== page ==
Social psychologist Steele examines stereotype threat in higher education
Internationally renowned social psychologist and Dean for the School of Education at Stanford Claude Steele discussed his research on stereotype threat and the challenges faced by underrepresented minorities in higher education on Tuesday evening.
Steele explained how stereotype threat, the experience of anxiety that a person feels when he or she is in a position to potentially confirm a negative stereotype about his or her social group, can cause people exposed to the same situation to have divergent experiences. He also discussed ways to combat the threat of stereotyping.
Steele’s academic research has focused on psychological threats to individuals, including considerations of self-image, self-regulation and social behavior, according to his faculty web page. He is the author of “Whistling Vivaldi: And Other Clues to How Stereotypes Affect Us.”
Throughout the lecture Steele emphasized that stereotyping influences everyone on a daily basis, whether or not an individual is a member of a minority group. He provided multiple anecdotal illustrations of his personal experience, including his experience with segregation as an African-American.
Steele began to notice an inconsistency when he began teaching at the University of Michigan in 1987. While he found that SAT scores were generally associated with a higher university GPA, African-American students tended to have lower GPAs than other students regardless of their SAT scores, which Steele said was very puzzling.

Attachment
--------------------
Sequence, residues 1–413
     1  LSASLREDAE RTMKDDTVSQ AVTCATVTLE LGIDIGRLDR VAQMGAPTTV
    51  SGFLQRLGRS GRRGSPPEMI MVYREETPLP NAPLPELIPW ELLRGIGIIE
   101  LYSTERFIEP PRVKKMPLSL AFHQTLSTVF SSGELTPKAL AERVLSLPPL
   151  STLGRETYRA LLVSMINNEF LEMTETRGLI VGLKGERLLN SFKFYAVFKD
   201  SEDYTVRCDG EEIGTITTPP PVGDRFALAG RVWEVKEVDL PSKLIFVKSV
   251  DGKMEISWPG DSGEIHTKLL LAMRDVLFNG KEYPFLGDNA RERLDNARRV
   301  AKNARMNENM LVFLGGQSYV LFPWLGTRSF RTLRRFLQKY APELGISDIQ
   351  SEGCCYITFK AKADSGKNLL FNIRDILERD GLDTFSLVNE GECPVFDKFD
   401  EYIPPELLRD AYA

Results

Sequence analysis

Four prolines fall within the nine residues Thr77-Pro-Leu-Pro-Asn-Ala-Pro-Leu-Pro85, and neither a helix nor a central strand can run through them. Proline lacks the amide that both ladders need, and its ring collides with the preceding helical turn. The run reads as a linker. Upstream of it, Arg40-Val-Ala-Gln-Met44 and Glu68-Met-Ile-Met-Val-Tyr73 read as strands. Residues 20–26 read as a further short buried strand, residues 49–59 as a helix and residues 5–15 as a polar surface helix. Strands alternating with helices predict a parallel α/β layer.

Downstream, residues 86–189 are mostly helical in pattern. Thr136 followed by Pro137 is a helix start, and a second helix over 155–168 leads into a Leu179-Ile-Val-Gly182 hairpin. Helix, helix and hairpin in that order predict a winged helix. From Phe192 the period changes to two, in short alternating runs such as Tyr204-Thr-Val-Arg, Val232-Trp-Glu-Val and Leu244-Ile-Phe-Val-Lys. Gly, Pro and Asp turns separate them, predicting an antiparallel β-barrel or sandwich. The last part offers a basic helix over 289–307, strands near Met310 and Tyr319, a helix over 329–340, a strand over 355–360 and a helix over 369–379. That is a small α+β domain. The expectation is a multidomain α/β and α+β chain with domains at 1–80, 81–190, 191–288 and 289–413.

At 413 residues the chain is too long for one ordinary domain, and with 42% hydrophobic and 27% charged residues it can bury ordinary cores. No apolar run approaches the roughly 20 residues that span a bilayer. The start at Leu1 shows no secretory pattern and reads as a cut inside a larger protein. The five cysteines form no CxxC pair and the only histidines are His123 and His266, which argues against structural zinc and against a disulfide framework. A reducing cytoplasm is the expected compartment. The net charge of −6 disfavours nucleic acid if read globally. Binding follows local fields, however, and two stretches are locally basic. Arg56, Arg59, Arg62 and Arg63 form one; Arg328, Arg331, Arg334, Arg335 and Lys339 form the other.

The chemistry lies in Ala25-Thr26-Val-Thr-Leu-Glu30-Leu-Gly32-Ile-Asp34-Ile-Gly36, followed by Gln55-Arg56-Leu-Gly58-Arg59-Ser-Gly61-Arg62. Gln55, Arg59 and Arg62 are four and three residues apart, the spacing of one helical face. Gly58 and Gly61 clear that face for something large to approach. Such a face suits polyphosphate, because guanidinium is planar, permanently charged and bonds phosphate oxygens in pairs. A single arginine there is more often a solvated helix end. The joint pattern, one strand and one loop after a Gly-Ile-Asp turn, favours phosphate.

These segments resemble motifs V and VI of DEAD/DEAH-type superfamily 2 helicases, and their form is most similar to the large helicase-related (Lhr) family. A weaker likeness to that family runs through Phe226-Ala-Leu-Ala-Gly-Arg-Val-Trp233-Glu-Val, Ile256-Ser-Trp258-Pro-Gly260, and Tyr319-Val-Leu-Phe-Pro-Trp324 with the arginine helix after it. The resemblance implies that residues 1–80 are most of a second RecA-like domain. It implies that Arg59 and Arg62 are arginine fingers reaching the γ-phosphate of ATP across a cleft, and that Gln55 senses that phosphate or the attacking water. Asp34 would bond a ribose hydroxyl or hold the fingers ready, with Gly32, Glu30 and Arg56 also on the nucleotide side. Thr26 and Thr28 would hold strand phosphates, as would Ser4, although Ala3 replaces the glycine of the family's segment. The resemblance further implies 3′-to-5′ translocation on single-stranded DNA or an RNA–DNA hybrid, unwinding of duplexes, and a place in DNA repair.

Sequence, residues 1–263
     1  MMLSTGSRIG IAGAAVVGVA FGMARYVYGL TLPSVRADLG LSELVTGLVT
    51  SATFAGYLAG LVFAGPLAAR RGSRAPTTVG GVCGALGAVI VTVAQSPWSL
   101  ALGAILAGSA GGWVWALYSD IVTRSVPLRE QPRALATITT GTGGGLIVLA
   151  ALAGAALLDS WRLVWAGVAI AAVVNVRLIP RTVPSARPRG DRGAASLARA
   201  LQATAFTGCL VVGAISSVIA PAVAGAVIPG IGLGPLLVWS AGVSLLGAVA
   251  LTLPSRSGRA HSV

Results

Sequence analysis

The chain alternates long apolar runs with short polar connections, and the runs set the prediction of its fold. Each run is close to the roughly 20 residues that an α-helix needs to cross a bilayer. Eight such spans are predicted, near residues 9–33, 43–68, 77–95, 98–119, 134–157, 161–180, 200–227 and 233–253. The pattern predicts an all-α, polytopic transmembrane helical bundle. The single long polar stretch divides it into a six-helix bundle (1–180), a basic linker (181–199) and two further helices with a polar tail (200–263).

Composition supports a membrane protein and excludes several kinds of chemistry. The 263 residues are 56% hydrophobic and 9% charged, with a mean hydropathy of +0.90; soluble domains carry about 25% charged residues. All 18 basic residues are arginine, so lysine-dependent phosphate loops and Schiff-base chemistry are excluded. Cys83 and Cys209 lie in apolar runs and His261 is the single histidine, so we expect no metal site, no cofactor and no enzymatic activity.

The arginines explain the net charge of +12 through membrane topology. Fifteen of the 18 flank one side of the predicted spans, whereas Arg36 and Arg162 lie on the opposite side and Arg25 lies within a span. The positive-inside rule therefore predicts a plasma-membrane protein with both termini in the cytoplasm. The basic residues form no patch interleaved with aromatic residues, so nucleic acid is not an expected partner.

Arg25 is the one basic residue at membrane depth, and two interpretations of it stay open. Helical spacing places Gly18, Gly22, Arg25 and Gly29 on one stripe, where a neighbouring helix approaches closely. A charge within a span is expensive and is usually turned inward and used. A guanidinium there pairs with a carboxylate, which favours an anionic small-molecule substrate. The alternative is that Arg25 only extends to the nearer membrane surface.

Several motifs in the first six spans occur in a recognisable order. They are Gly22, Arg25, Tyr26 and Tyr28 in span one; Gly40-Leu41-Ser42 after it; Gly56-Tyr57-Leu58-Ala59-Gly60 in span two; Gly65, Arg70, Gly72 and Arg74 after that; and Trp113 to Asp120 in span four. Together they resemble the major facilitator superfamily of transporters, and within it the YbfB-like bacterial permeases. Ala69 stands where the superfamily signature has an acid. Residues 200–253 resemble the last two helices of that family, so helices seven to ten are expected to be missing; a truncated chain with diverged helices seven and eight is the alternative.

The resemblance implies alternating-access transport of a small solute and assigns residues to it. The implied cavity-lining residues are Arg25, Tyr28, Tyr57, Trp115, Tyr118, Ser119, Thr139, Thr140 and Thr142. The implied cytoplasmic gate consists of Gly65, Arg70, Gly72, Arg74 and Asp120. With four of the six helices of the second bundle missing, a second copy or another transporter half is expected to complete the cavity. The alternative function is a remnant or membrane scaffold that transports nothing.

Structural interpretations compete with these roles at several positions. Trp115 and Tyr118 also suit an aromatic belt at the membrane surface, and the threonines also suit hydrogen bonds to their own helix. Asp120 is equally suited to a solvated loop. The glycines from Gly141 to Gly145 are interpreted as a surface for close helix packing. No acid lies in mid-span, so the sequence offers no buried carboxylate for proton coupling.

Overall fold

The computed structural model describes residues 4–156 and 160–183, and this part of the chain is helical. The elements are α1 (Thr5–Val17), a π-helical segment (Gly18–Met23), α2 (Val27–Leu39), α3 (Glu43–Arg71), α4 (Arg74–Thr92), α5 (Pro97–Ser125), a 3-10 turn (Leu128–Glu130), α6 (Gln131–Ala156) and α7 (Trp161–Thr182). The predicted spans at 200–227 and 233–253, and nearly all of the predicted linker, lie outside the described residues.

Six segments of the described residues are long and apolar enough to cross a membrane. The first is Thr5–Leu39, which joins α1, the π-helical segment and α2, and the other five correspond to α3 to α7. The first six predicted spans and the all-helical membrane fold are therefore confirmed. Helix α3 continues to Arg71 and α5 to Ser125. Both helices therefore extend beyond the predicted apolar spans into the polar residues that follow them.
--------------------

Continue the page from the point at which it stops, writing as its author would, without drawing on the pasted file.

“What surprised me the most was that it went against my preconceptions,” Steele said.
However, Steele found that his stereotype threat theory provided an answer to this puzzle. According to his theory, “the oppression of being a member of a group whose abilities are negatively stereotyped itself can be frustrating enough … to cause systematic underperformance in a group,” Steele said.
When an individual is faced with a situation in which a stereotype is understood to define that person’s demographic group, the prospect of being reduced to that stereotype is upsetting enough to interfere with the individual’s performance. This pressure to perform is increased by circumstantial clues that make an individual believe he or she does not belong.
To provide evidence for this theory, Steele explained that he gave undergraduate male and female advanced math students a standardized graduate entrance exam. In his first trial, women performed a full standard deviation below men with the same academic preparation. Steele attempted to remove the stereotype threat by stating that the exam would be unable to pick up on any differences in gender, and consequently, the women’s scores rose to match the men’s.
While stereotype threat occurs on an individual level, Steele emphasized the importance of the much larger socio-cultural context. “Stereotypes are a cultural mechanism that brings history forward to present-day life,” Steele said.
With this consideration, individuals and organizations can attempt to mitigate stereotype threat by changing the way that society is organized in relation to minorities, Steele explained. He provided examples of strategies to address this threat, including reevaluating the representation of cultural minorities in history curriculum and affirmative action.
“[Stereotype threat] isn’t tied to something inside a person inside a group,” explained Steele. “It’s tied to the culture. It’s an explanation that a culture presents to a person when they have a certain experience in a domain.”
Steele’s lecture, “Stereotype Threat: How It Affects Us and What We Can Do About It,” was held in McCosh 50 and was sponsored by the Princeton Public Lectures Series.
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